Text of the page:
In a collision between two or more vehicles, it is common to assign fault to at least one of the drivers involved. Either police officers or insurance professionals investigating a crash will try to determine the underlying reason that the crash occurred.
When the commercial truck involved in a collision is the one that caused it, people often assume that the truck driver is ultimately the one with fault. However, there are circumstances in which someone other than the truck driver is responsible for the collision.
An employer or a client could be at fault
Federal statistics about truck collisions show that when the commercial vehicle is responsible for the crash, the driver is at fault in 87% of the crashes. That means is that the remaining 13% of collisions may not be the direct fault of the driver.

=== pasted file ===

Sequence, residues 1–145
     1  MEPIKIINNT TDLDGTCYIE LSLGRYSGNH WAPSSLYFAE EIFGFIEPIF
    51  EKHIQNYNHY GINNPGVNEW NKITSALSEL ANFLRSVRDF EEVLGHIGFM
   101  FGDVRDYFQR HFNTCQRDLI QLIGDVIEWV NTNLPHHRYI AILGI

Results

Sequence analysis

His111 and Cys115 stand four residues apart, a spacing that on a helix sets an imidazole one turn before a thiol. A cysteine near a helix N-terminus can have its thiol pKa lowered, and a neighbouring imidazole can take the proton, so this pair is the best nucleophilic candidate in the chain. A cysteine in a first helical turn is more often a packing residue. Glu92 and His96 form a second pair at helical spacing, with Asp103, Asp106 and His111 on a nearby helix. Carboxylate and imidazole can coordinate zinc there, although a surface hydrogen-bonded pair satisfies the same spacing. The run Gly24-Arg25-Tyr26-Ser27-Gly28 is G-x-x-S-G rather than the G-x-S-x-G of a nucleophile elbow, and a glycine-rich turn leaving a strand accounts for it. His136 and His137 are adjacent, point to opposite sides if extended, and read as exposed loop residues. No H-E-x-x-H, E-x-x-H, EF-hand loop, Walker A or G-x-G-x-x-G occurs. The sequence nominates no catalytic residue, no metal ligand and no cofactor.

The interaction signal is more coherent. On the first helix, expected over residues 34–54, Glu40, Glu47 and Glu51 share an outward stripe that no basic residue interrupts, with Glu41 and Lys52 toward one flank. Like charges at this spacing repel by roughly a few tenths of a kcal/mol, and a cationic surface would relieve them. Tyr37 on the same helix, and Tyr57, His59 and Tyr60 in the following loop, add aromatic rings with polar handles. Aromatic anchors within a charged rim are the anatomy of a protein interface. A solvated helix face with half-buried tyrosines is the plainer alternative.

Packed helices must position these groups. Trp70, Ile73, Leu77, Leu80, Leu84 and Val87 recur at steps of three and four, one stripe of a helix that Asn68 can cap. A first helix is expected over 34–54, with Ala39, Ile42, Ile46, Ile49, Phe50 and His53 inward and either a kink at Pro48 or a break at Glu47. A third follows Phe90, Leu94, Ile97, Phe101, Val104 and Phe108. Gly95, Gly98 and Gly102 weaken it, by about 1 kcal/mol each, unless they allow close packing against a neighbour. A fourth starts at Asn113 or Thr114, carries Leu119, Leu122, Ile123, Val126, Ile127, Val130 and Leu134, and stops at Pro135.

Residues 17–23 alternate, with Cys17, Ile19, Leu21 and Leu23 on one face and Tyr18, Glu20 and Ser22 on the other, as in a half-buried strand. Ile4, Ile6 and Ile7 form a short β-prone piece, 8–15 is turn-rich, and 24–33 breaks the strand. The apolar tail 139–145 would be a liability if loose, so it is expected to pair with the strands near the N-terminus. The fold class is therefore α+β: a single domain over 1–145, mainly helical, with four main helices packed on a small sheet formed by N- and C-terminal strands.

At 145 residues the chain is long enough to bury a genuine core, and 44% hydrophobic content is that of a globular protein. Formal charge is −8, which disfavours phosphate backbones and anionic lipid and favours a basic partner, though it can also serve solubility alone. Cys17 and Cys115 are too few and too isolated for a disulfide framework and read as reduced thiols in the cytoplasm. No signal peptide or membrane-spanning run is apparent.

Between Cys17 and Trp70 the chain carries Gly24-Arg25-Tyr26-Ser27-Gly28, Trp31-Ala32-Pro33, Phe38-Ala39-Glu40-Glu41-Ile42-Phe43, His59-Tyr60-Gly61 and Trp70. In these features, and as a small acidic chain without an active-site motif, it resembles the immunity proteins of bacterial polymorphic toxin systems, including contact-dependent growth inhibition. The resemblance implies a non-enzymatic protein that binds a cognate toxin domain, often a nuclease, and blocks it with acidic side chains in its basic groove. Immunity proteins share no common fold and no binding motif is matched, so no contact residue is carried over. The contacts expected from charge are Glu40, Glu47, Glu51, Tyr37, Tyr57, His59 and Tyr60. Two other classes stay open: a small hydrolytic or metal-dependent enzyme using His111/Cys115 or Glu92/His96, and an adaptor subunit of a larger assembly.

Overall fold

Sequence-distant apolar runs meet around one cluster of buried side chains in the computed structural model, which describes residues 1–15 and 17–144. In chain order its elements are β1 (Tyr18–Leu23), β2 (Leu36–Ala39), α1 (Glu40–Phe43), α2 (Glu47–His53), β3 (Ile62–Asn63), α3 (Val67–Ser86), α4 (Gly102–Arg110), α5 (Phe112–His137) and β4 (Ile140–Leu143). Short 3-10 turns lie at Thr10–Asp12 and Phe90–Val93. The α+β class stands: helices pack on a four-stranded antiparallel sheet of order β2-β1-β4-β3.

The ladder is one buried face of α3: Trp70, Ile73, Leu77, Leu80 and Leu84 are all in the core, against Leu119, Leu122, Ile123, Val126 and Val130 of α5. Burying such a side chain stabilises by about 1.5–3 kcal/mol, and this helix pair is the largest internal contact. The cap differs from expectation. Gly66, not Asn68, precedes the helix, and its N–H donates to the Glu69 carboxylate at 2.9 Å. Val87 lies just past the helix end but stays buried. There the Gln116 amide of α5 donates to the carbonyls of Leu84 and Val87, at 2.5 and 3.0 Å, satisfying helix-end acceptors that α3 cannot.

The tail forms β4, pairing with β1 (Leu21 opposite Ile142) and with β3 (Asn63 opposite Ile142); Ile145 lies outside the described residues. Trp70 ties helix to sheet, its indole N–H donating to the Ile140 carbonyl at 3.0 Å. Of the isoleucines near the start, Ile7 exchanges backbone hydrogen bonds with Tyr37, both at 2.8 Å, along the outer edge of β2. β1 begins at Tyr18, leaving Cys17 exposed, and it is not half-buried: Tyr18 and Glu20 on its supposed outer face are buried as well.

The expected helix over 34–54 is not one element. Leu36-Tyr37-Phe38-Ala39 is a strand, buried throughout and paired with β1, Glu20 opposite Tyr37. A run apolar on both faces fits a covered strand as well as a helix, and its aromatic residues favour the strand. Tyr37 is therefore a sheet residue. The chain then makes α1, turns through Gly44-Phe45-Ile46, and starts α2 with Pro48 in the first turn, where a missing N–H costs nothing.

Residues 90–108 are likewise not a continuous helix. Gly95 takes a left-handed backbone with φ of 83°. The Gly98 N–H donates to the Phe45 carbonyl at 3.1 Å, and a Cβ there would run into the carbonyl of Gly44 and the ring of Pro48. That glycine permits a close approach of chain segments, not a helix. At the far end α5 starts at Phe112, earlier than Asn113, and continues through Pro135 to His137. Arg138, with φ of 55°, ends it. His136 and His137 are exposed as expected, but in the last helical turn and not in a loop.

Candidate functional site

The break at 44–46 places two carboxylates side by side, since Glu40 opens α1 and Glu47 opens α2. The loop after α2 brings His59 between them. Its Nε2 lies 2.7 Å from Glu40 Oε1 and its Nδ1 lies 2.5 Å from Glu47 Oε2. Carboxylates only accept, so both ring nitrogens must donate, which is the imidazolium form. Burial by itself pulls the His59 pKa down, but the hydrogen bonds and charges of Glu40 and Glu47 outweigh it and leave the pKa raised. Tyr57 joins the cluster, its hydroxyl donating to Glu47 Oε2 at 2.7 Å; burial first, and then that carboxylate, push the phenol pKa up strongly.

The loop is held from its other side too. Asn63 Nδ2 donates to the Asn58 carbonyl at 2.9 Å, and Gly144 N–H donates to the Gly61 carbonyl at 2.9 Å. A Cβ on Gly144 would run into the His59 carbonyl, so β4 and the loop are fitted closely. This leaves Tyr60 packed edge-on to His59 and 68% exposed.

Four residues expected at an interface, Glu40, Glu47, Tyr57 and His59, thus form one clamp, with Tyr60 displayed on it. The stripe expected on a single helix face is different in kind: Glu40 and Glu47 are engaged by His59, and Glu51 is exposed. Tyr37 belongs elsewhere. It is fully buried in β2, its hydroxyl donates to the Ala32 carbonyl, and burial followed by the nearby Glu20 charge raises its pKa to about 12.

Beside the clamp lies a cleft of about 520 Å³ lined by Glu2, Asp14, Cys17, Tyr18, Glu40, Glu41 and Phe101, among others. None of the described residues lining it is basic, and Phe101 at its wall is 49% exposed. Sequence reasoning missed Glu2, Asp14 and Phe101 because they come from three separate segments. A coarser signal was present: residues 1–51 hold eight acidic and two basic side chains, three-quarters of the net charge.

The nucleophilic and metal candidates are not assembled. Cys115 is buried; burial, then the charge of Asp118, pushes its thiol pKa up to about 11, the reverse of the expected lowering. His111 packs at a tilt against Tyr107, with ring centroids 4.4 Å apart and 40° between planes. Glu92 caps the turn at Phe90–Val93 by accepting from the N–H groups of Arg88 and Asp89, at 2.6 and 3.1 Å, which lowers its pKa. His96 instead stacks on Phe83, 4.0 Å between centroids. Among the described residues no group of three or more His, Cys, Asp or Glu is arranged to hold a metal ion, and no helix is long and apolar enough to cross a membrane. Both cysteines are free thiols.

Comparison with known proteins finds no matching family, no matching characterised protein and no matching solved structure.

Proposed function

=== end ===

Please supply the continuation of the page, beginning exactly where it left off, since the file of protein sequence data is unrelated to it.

Roughly 10% of those crashes involve vehicle issues, which could ultimately be the responsibility of the trucker’s employer or the client for which they provide transportation services. If an employer improperly maintained the vehicle, that could make the company responsible for the crash. Faulty brakes would be the responsibility of the vehicle’s owner, not the individual driving it.
A client could also be at fault if they improperly loaded the trailer. Not alerting a trucker to liquid contents in their trailer or improperly distributing weight could lead to a trucker losing control or a truck rolling over.
Determining fault for a truck crash plays a major role in seeking compensation for your property damage losses and injuries.